newborn baby

What To Expect After Delivery

By Jordan Blessing, MD St. Luke's Hospital, St. Luke’s Birthing Center

How St. Luke’s Prepares Your Newborn to Thrive

The time right after a delivery is truly magical. You finally hold your newborn, share those incredible moments of bonding, and will likely begin to breastfeed. There’s a reason this time is known as the Golden Hour.

The remaining hours between delivery and discharge are just as special and important. In order to ensure your newborn is healthy and thriving, our Birthing Center staff performs a few standard tests and procedures.

Here’s more information on what they are, when they typically occur, and how they help your little one.

Vitamin K injection

A dose of Vitamin K will be given as an injection in your newborn’s thigh shortly after birth.

Infants are born with very little Vitamin K in their system, which is vital for proper blood clotting. This dose decreases bleeding from procedures such as male circumcision, and greatly reduces the risk of spontaneous life-threatening internal bleeding. Safe for all newborns, this dose of Vitamin K is recommended by the American Academy of Pediatrics (AAP).

Hepatitis B vaccination

Vaccination against Hepatitis B is recommended for all newborns within 24 hours of birth or, in some cases, even sooner. This vaccination protects your child from Hepatitis B infections, which can result in chronic life-long liver disease, liver failure, the need for liver transplantation, or even death.

The Hepatitis B vaccination is safe for all newborns and is recommended by the American Academy of Pediatrics (AAP).

Eye ointment application

Within the first 24 hours of your baby’s birth, a small amount of an antibiotic ointment (erythromycin) will be applied to their eyes. This reduces the risk of eye infections that can lead to blindness if not treated.

Applying this antibiotic ointment is safe and recommended by the American Academy of Pediatrics (AAP) and the Centers for Disease Control and Prevention (CDC).

Blood spot screening (PKU test)

A small amount of blood will be collected from your newborn 24 to 48 hours after birth. This sample will be analyzed for a variety of genetic and metabolic disorders that can be lethal if they are not quickly diagnosed and properly treated.

In many cases, blood testing can be completed before signs of illness develop. This allows for appropriate interventions to be started early, which can prevent or lessen symptoms.                                             

CCHD test

Testing for Critical Congenital Heart Disease (CCHD) is recommended for all newborns and helps detect several types of newborn heart disease, if present. This pain-free test measures oxygen saturation levels in the blood by placing a sensor on your infant’s skin.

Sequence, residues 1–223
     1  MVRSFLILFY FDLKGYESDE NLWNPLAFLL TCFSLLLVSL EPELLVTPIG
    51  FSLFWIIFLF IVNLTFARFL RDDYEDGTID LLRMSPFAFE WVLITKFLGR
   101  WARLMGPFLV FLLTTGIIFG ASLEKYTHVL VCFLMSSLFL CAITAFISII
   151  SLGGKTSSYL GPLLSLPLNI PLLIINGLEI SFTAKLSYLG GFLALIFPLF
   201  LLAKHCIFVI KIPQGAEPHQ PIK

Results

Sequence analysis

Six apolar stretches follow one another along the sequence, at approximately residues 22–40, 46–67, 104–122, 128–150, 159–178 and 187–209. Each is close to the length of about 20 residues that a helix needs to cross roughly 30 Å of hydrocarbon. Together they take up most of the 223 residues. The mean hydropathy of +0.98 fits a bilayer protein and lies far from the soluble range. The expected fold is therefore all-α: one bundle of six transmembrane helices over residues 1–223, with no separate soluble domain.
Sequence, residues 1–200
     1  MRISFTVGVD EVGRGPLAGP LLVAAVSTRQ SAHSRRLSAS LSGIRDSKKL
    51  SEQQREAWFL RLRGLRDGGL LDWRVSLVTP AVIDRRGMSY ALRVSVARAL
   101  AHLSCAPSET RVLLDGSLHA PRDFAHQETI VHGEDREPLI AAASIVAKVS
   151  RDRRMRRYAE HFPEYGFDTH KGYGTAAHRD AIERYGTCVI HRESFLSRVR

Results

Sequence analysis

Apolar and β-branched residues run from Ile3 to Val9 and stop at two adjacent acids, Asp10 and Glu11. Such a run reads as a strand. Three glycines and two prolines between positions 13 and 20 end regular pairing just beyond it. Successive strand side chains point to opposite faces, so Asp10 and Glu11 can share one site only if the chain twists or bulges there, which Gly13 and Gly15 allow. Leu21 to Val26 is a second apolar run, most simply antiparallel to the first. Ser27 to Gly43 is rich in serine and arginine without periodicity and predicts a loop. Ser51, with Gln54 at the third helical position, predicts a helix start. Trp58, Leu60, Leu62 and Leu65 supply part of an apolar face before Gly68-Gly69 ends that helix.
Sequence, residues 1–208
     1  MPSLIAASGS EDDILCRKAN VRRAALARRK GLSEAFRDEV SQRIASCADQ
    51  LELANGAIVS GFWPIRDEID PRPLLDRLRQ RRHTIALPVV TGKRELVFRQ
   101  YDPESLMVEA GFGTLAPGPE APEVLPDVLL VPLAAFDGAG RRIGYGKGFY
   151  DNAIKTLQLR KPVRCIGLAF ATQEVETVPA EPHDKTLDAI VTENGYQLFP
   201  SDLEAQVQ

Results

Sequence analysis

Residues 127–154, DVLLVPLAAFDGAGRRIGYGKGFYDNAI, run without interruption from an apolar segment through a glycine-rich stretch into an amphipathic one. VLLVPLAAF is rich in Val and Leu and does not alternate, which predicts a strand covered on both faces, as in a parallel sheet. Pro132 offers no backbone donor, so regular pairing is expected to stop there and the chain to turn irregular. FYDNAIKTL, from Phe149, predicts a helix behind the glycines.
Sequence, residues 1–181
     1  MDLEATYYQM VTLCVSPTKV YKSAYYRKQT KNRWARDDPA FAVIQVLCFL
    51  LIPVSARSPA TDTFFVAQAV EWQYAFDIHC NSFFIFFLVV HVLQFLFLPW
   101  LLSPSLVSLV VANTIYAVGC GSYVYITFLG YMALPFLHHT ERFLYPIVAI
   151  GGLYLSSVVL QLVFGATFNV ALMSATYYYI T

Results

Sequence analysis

This test is recommended by the American Heart Association (AHA), American Academy of Pediatrics (AAP) and the American College of Cardiology Foundation (ACCF).

Hearing test

This is a pain-free procedure performed prior to going home and is recommended for all newborns. Hearing loss is important to diagnose as early as possible to promote maximal development in the newborn period.

Hypoglycemia test

Some infants are at risk for low blood sugar (hypoglycemia). This depends on factors including being small or large for their age, prematurity and maternal diabetes. Even without these factors, some infants develop hypoglycemia.

If low blood sugar levels are left untreated for prolonged periods of time, a newborn’s cognitive development can be affected.

A small blood sample will be taken from your newborn’s heel to test their blood sugar levels. Treatment for hypoglycemia may include feeding more frequently, formula supplementation or IV fluids.

Hyperbilirubinemia test

Bilirubin is a product in the blood that rises during the first few days of a newborn’s life. Jaundice, when a newborn’s skin and eyes turn yellow, is caused by higher levels of bilirubin. When an infant’s bilirubin level rises too high, it is called hyperbilirubinemia. This can put the infant at risk for a brain injury called bilirubin-induced neurologic dysfunction.

All infants are screened at least once for hyperbilirubinemia before they go home. This is often done by placing a painless sensor on your infant’s skin (TcB testing), but may also require a blood sample. If hyperbilirubinemia is present, treatment is required and may include phototherapy (blue lights), IV fluids and, in rare situations, a blood transfusion.                           

Car seat challenge evaluation

Infants with certain risk factors including prematurity, small size or low muscle tone will need to have a car seat challenge evaluation prior to discharge.

This evaluation involves placing the newborn in their personal car seat inside the hospital for at least 90 minutes. During this time, your child will be closely monitored to ensure that this position does not affect their ability to breathe.

To make an appointment with Dr. Jordan Blessing, MD


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